but should consider us as people who share their concerns about education
and make efforts to keep us informed about what they're doing and why.
Too bad they didn't hear what he said.
? > a .
Ibe La wson's i.c ii&L IkJ sui(M
after-Hits C(ffimM.3l&K! Don? ao away'*
!t 5 Lovelier The ^omnrl T i mn Ar/M inrl
11 W fc-N/T VMWI; ? I IW WWWI IVI I II I IV #^%l V/U I ivJ
"You know,"* said my mom's
fnCuu Luitu, WiKjm, Scfiac of ituinor
is as dry as a rice cake but as re
freshing as a beverage you'd wash
one down with, "This is a whole lot
nicer than having two or three hun
dred people you don't really care
"Yep," I replied. "As long as you
don't need the gifts."
We were sitting on a veranda at
Asheville's Grove Park Inn Country
Club enjoying the elegant cham
pagne brunch at my sister's wedding
last Sunday. It was a small group ?
just 30 or so family members and
best friends. The ceremony was
brief and intimate, and there wasn't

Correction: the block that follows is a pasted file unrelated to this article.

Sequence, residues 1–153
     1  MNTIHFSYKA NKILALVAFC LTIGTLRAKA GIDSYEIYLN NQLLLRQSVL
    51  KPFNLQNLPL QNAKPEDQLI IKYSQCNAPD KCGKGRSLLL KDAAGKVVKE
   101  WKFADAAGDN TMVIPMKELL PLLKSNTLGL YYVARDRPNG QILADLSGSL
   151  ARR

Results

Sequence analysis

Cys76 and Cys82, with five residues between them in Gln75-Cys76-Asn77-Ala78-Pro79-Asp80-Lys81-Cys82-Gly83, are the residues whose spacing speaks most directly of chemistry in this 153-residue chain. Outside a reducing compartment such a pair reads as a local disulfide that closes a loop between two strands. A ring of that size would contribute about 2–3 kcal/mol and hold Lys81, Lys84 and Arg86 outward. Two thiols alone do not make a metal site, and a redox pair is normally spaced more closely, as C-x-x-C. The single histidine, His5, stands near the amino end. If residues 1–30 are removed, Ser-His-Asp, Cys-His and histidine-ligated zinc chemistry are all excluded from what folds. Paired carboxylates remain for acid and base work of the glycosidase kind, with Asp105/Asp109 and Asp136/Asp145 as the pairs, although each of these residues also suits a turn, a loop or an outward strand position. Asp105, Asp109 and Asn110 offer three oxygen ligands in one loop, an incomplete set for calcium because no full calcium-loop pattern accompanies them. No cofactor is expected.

a dry eye in the house.
The brunch was delicious ? a
roast turkey, home -baked breads,
fresh fruits and an array of nibbles
like bite-size salmon quiche, tiny
mushroom tarts and mini-croissants
stuffed with cheese. There was no
wedding cake; Brenda and Dave
upteu for bread pudding and cheese
In most cases, second (or should I
*wi V u/??<WiniK an? a
* ~0"" ? - ?
lot more fun than first ones. The
bride and groom have generally
been around the block a few times
and are more interested in creating a
warm atmosphere than in putting on
Brides and grooms are generally
given more social latitude the sec
ond time around. And those of us
old enough to have attended dozens
(hundreds?) of virtually identical
wedding receptions (nuts, mints,
punch, four-tiered cake with that
icky sugar-and-Crisco frosting...) are
glad of it.
The hotel took care of everything,
so my sister and 1 were able to spend
some time together before the wed
ding, pretty much just hanging
out ? which, beiicve me. beats the
heck out of hanging bows.
They said they didn't want gifts,
2=d icsss of us ignored then;. Sui
instead of toasters and Crock Pots,
the presents were meaningful and
fun ? a beautiful blanket with thou
sands of Mama's loving stitches in
They're Still Rolling,
It 's only rock 'n ' roll
Bui I like it.
? Jagger & Richards
? ? ?
Guess who just got tickets to see
the "Greatest Rock-and-Roll Band
in the World?"
That's right. This fall, Lynn and I
will celebrate her 40th birthday with
The Rolling Stones, a group whose